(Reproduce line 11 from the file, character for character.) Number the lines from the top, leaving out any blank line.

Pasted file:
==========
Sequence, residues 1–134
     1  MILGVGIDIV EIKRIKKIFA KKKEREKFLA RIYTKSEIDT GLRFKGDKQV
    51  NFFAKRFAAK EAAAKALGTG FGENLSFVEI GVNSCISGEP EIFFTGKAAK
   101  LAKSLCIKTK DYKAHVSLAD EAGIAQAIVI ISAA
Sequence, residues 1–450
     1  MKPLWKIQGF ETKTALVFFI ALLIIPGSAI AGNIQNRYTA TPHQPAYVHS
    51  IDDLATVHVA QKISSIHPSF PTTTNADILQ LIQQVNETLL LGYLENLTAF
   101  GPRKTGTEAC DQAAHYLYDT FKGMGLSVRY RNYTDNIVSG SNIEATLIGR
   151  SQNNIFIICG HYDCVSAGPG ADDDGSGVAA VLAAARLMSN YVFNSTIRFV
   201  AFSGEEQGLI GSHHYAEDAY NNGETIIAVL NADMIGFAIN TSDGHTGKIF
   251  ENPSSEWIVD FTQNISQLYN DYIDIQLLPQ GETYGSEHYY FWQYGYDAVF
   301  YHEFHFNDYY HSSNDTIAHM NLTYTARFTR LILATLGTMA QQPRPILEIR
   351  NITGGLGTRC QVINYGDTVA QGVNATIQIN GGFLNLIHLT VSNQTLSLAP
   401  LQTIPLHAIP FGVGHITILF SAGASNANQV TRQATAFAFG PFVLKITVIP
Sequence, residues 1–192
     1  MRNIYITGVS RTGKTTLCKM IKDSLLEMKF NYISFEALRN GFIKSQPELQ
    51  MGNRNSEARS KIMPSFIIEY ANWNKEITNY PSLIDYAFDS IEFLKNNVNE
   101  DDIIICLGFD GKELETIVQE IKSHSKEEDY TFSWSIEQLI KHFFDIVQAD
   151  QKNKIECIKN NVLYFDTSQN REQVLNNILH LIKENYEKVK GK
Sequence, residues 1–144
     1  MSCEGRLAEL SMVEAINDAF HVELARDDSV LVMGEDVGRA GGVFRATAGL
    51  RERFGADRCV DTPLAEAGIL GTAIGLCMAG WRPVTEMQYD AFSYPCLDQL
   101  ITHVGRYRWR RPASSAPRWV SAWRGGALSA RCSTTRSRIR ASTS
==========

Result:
   251  ENPSSEWIVD FTQNISQLYN DYIDIQLLPQ GETYGSEHYY FWQYGYDAVF